“THANK YOU” IN TURKANA LANGUAGE

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There are so many words or phrases one can say to show appreciation for the good deed(s) done. For instance, one can simply say, “Thank you”, “Thanks”, “I am indebted to you”, “I am grateful”, “You are an inspiration” or “You are a blessing”. Among the turkana people, the same exists although they have different meanings depending on the context.

So, the big Q is how does one say “thank you” or the exact translation for thanks in ngaturkana? Many are times I wanted to tell how appreciated I was to my friends curious of learning some ngaturkana and I never grasped exact word to say thanks. This made me so intrigued and decided to swallow my pride as a real son of the land and sought assistance from other friends. The more I asked the more I realized that I wasn’t the only person lacking the word so did my quest became even stronger.

I was so perturbed and took my frustration to one guy, Mr. Bonface Kapua, a former former turkana translator and the guy behind the Turkana show hosted at Atta Nayece fm based in Kakuma, Turkana West constituency, Turkana County but still didn’t heard what I hoped for. Among the responses people gave were ejok, ejok noi, alakara and apiaro. To me these words did not mean thank you as such but at least they held some water as they can as well stand for appreciation. When exchanging greetings, one would say “Ejoka” responded by with “ejok noi”. Literally, ejok means good, “alakara” means am happy and “apiaro” stand for blesings. All those words are used interchangeably for appreciation and the real meaning they stand for.

I gathered the responses and booked an appointment with Mr. Emekwi who once worked as an Ethnographer at Kenya Museum and this is what he said, “There is no exact word Turkana people for saying thank you. But after doing something to somebody, the word “Ejok” can be used. We lack a real and proper word to signify appreciation for a good deed done.”

When somebody does a good deed or gifts somebody with something, the word thank-you is found in the “Ejok” word. If an individual gives another person something like a camel or a goat, one simply passes the appreciation literally by saying “Ejok noi” same to greetings where Ejoka is responded by ejok or ejok noi.

According to him, since time immemorial the Turkana society lived together in harmony and in support of each other knowing that they needed and depended on that right from material assistance like giving and receiving animals for gits, dwelling territories, neighborhoods, even “Ekiro”(namesake). So, this society grew up knowing that they needed one another and were obliged to stand by each other by conscious.

In this case they never saw the need to formulate a word for appreciation due to the binding circumstances. The turkana people or the ateker perceived that if one does a favor to another person today, what was the meaning of saying thank you when the same favor will be returned in kind without saying, willingly and without the slightest hindrance and resistance or second thought. Kindness or good was like a debt to the entire society.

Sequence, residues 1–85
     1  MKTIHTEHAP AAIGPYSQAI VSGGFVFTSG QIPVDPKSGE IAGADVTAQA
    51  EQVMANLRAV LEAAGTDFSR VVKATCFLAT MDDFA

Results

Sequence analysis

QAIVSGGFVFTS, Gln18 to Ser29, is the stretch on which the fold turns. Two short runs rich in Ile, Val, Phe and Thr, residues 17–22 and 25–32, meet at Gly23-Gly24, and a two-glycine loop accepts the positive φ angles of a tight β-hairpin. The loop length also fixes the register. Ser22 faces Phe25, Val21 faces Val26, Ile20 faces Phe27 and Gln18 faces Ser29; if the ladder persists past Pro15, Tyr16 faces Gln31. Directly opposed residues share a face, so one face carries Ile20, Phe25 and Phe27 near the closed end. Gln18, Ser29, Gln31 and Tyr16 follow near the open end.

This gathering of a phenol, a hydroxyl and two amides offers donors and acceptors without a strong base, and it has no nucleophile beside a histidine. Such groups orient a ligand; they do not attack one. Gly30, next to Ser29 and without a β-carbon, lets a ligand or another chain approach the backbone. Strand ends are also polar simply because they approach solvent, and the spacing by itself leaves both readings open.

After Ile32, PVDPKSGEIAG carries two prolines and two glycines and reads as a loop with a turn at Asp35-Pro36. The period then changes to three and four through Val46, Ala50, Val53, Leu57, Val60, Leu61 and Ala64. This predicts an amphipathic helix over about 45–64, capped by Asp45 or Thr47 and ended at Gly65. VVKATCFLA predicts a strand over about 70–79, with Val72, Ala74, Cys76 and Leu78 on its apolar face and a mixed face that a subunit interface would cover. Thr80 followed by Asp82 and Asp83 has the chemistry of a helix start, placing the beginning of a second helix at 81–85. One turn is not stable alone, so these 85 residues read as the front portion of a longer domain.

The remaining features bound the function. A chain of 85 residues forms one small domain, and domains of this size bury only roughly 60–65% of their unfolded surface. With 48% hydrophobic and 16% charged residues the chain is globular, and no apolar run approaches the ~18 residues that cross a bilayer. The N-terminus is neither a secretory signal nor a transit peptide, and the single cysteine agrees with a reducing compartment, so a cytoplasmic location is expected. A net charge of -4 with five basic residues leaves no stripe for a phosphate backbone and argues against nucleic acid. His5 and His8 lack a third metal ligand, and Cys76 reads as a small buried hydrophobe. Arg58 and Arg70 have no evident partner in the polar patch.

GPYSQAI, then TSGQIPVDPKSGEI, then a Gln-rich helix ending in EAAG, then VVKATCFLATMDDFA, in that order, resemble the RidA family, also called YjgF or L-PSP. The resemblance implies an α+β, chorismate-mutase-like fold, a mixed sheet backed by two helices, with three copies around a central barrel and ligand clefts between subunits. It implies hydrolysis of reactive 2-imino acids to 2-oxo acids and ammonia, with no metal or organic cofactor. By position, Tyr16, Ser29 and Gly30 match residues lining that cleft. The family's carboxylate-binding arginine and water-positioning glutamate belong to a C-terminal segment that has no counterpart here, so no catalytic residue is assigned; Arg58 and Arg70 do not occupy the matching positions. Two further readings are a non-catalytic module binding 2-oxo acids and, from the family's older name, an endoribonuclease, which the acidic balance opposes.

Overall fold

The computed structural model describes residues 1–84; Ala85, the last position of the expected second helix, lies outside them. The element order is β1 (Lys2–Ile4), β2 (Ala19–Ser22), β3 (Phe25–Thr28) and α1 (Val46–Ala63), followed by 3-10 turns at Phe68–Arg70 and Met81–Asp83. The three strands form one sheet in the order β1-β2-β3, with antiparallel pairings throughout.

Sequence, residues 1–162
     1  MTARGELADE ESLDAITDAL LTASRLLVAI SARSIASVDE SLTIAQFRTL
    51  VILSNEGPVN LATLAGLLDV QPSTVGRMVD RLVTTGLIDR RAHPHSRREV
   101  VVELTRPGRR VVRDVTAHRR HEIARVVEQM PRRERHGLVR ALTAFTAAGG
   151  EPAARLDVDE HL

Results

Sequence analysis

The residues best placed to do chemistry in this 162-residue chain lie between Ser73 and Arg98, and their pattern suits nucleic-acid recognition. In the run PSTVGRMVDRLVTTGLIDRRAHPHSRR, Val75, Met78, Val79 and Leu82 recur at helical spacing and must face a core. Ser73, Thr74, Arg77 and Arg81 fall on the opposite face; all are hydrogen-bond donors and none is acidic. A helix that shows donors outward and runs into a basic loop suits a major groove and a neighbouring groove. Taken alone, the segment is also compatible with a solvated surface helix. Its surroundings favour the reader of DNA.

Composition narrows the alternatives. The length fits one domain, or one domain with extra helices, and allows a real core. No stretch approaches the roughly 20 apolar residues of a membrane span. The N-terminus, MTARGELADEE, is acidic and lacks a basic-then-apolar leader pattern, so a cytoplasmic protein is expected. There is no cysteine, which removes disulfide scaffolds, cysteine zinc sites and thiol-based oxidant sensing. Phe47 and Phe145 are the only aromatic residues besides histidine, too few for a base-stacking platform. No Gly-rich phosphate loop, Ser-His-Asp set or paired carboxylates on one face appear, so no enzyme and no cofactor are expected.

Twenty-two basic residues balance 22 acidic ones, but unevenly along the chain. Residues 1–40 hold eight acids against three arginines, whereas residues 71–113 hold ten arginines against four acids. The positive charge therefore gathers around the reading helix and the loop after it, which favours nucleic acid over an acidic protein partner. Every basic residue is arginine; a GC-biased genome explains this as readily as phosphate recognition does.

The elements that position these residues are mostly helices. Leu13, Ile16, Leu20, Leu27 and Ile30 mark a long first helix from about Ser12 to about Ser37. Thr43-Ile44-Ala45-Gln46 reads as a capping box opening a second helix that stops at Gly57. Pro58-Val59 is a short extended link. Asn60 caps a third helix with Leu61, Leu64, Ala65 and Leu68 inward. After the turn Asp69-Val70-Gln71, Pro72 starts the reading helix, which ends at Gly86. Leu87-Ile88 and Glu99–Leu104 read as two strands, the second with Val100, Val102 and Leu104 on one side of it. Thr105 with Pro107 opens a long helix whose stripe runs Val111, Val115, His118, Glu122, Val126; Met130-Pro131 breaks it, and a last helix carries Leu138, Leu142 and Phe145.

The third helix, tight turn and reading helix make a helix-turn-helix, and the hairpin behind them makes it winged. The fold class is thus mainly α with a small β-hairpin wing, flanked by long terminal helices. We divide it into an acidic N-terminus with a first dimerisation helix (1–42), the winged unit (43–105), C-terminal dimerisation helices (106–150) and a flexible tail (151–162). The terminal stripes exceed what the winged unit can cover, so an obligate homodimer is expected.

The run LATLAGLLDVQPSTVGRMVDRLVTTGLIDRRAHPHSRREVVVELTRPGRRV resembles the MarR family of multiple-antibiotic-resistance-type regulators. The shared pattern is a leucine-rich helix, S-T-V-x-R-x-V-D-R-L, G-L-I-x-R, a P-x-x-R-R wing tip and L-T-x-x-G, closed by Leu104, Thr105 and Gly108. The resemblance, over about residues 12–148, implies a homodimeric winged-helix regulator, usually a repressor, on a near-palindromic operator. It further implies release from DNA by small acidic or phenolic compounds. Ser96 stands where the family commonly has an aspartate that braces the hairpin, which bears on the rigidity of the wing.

A turkana could go to another homestead and borrow a goat, cow, camel, sheep or a donkey and be given which in return the one donating was entitled to be given as well in the event of time of need regardless of the size or the type of material given before. The kindness was not limited to animals only instead it involved all material belongings. The act of giving and expecting assistance in time of needs grew and extended to the neighborhoods, strangers, clan members, and the entire tribe from generation to generation.

Therefore, the Turkana took it that every other coming time in the future they needed each other in times of sickness, attacks and when a natural calamity befell any of them. This communal living did not have any boundary whether one’s residence was known or not. The practice made the turkana people travel from place to place knowing that he/she would be warmly welcomed in any homestead at any time and therefore, there was no need for one to carry a lot of stuff like water, food, tobacco or sleeping skin while travelling or on any errant.

In some occasions, most people allude that the turkana people are ungrateful or arrogant due to lack of the simple appreciative vocabulary in the native language which is contrary to the plain truth. The instances described above did not give the turkana people a second thought to formulate what should be said when a shred of kindness was passed from one person to another. The absence of the vocabulary is justifiable from one of the theory of the fact that the Turkana people found themselves to be in no possession of anything for them, everything belonged to the society. If you feel that there is any other theory or a comment, kindly write to us through the comment area.

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